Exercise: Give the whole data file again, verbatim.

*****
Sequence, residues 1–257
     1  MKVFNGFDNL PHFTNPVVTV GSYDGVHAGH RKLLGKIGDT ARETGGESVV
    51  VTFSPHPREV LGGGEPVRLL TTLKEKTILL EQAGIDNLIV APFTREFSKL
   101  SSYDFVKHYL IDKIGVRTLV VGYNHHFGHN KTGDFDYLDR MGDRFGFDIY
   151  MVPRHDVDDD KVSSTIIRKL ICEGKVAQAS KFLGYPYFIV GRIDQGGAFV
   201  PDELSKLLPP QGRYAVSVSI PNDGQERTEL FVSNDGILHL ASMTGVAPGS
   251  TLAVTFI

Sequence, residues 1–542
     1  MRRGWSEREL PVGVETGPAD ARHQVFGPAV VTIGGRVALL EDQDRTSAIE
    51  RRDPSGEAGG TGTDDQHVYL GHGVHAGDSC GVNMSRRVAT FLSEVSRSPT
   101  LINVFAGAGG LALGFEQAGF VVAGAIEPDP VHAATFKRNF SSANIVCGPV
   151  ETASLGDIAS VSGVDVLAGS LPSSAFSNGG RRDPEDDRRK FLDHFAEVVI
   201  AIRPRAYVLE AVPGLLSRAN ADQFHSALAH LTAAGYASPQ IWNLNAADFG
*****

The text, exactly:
Sequence, residues 1–257
     1  MKVFNGFDNL PHFTNPVVTV GSYDGVHAGH RKLLGKIGDT ARETGGESVV
    51  VTFSPHPREV LGGGEPVRLL TTLKEKTILL EQAGIDNLIV APFTREFSKL
   101  SSYDFVKHYL IDKIGVRTLV VGYNHHFGHN KTGDFDYLDR MGDRFGFDIY
   151  MVPRHDVDDD KVSSTIIRKL ICEGKVAQAS KFLGYPYFIV GRIDQGGAFV
   201  PDELSKLLPP QGRYAVSVSI PNDGQERTEL FVSNDGILHL ASMTGVAPGS
   251  TLAVTFI

Sequence, residues 1–542
     1  MRRGWSEREL PVGVETGPAD ARHQVFGPAV VTIGGRVALL EDQDRTSAIE
    51  RRDPSGEAGG TGTDDQHVYL GHGVHAGDSC GVNMSRRVAT FLSEVSRSPT
   101  LINVFAGAGG LALGFEQAGF VVAGAIEPDP VHAATFKRNF SSANIVCGPV
   151  ETASLGDIAS VSGVDVLAGS LPSSAFSNGG RRDPEDDRRK FLDHFAEVVI
   201  AIRPRAYVLE AVPGLLSRAN ADQFHSALAH LTAAGYASPQ IWNLNAADFG